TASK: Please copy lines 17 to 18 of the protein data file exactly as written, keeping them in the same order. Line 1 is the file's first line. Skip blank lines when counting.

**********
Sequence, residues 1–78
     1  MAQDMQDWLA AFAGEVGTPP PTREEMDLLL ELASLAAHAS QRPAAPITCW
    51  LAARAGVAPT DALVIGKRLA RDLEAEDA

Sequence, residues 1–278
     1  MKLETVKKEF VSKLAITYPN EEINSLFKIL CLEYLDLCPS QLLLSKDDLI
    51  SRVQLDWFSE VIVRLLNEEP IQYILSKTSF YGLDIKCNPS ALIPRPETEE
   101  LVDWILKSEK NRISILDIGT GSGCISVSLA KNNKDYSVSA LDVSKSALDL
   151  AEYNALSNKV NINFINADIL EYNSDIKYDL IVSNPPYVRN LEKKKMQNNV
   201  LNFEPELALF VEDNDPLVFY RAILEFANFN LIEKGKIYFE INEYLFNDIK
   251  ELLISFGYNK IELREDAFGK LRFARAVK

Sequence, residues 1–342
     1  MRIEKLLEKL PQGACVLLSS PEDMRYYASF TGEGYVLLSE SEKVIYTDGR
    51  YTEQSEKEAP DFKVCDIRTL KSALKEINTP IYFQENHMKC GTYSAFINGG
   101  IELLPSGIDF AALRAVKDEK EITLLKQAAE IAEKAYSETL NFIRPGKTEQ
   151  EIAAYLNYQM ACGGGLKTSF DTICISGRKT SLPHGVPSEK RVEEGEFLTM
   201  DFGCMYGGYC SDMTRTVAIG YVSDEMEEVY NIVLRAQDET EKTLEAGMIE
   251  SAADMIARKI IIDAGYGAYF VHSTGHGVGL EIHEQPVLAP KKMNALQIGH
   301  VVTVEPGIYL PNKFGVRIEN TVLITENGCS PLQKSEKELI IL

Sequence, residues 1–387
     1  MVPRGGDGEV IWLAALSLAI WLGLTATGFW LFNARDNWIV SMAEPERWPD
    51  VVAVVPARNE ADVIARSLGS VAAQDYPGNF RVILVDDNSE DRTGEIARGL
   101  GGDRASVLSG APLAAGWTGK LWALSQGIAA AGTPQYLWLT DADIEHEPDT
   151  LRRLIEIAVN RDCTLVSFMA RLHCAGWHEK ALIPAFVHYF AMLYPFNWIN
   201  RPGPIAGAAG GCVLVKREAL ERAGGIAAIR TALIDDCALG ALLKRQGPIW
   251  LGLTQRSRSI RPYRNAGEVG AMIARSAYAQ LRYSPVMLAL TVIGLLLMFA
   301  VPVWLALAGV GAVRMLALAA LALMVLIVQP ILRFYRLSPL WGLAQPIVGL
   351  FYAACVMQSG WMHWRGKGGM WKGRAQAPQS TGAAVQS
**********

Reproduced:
   251  SAADMIARKI IIDAGYGAYF VHSTGHGVGL EIHEQPVLAP KKMNALQIGH
   301  VVTVEPGIYL PNKFGVRIEN TVLITENGCS PLQKSEKELI IL